Multi-billion organisations who may have been bracing themselves for fines in excess of £10m following the stricter sentencing guidelines can breathe somewhat a sigh of relief – reports have come in that courts are meting out very low level fines for big name brands.
Speaking at the Health and Safety Lawyers Association annual conference in London on Friday, Simon Antrobus, QC at the Crown Office Chambers spoke of recent cases like Whirlpool, which had its fine slashed to £300k last November and Tata Steel, which also won a reduction for two offences in June 2017. “[These cases] have put a break on the stratospheric fines for very large organisations. It is true that some very large organisations are being hammered but even then we are seeing a lot of very low level fines,” he said.
Antrobus then explored some recent cases. McDonalds, which reported earnings of US$5.2billlion last year was for example fined just £200k on 23 March for an incident in which a 17 year old employee fractured his kneecap after he was hit by a car in the Drive-Thru customer car park at West Thurrock, Lakeside Retail Park.
Despite the failings at this site, such as sustained breaches over time, the fact there had been previous incidents and that it was falling far short of standards, the judge was minded to look at it as an incident isolated to that branch rather than company-wide.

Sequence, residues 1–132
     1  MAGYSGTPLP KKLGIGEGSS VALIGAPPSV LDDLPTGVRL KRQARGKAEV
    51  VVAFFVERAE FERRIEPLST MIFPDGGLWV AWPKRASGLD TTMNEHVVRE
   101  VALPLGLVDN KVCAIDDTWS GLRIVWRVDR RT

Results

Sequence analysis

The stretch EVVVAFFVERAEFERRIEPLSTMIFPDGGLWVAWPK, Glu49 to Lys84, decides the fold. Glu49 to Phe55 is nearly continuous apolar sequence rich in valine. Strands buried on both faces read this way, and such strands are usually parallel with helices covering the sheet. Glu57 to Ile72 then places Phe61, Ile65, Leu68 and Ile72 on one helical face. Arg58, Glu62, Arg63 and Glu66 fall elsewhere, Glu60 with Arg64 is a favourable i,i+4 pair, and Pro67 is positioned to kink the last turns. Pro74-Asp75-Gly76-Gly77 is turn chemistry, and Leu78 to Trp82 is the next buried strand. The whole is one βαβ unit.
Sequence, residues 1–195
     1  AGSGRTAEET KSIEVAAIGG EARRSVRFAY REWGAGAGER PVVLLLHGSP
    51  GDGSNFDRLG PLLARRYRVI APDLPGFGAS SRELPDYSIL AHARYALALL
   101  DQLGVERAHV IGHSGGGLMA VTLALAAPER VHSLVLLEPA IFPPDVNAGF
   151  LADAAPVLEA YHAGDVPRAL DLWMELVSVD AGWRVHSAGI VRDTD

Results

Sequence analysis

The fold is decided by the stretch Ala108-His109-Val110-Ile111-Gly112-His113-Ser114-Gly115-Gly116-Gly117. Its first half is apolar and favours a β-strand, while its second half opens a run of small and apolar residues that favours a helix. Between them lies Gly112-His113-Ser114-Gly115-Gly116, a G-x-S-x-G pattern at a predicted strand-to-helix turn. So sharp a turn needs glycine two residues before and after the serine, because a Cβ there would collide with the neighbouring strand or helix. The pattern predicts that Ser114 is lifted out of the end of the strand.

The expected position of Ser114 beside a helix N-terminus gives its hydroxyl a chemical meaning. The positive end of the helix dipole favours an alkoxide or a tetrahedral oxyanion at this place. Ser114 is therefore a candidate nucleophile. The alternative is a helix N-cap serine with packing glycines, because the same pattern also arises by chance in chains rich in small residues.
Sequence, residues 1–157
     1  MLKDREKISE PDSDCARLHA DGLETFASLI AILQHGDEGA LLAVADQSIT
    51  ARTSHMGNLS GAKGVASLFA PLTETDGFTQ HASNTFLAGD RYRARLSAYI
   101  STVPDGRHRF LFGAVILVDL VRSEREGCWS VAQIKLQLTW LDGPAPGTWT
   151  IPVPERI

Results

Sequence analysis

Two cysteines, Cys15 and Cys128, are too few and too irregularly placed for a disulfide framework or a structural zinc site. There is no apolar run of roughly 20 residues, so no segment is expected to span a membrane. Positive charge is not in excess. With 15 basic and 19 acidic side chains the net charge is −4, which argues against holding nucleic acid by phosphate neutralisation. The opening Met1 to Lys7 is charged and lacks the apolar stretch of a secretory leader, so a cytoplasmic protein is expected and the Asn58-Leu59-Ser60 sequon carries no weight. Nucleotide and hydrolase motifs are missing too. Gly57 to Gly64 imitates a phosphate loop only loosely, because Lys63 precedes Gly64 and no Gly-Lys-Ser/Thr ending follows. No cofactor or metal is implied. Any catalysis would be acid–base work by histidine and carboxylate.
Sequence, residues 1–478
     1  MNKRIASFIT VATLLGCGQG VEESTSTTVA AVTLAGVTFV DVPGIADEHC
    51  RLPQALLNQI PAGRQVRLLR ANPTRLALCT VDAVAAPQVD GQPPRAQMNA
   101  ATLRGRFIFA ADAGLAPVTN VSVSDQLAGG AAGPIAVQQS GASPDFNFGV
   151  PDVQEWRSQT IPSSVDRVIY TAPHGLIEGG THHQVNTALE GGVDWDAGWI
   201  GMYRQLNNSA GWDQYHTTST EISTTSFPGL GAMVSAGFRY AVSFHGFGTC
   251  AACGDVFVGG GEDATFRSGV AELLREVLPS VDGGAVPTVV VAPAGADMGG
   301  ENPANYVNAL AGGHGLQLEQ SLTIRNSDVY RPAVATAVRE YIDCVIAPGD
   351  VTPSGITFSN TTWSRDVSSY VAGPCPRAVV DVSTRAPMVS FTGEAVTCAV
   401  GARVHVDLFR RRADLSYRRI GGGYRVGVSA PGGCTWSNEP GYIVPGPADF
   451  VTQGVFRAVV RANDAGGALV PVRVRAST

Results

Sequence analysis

“McDonalds had superb policies and procedures to govern all their restaurants – we were able to argue it was specific to the site,” said Antrobus.
The next case he came to was facilities management company, Interserve. The firm was fined £93k last week after generators it had failed to maintain led to power loss at the Animal Health and Veterinary Laboratories Agency (now the Animal and Plant Health Agency) in Weybridge, which conducts research on bacterial, viral and parasitic diseases.
The incident happened on Sunday 21 September 2014. The mains power was lost at the site and four standby generators then failed to operate, one of which also caught fire. Interserve was prosecuted for failing to maintain the generators that were key emergency control measures.
“The key argument [of the prosecution] was that the potential risk of exposure was enormous - 800 people worked on site, [it was the] potential of it literally going viral if those pathogens were released," explained Antrobus.
The judge settled on medium culpability, harm category four to reach the £93k fine.
The judge ‘looked at [it] in the round’, just like in the McDonalds case, said Mr Antrobus. She said she would adjust within the range (not go up a harm category to reflect the size of the firm). “She accepted that Interserve had done enough to demonstrate it wasn’t necessary to give an uplift at all to give a proportionate sentence,” he summarised.
He stressed: “Importantly it was not causative, the generator failures that prompted the investigation couldn’t be shown by the prosecution to be maintenance related.”
A judge at the event later commented to Safety Management that he’s seeing the small and medium companies hit hardest by fines, hinting that proportionality was a big factor in this. “Would I hand down a big fine for two fingers being cut off? I wouldn’t. When the guidelines came out it was [with the thought] that large firms would be punished. But it’s not – it’s the smaller ones that are getting hammered,” he said.
Health and safety offences, the definitive guidelines were published in February 2016. They give allowance for a maximum fine of £10m for large firms (turnover £50m plus).
The guidelines give directions for organisations whose turnover or equivalent ‘very greatly exceeds the threshold for large organisations’ stating: “It may be necessary to move outside the suggested range to achieve a proportionate sentence.”
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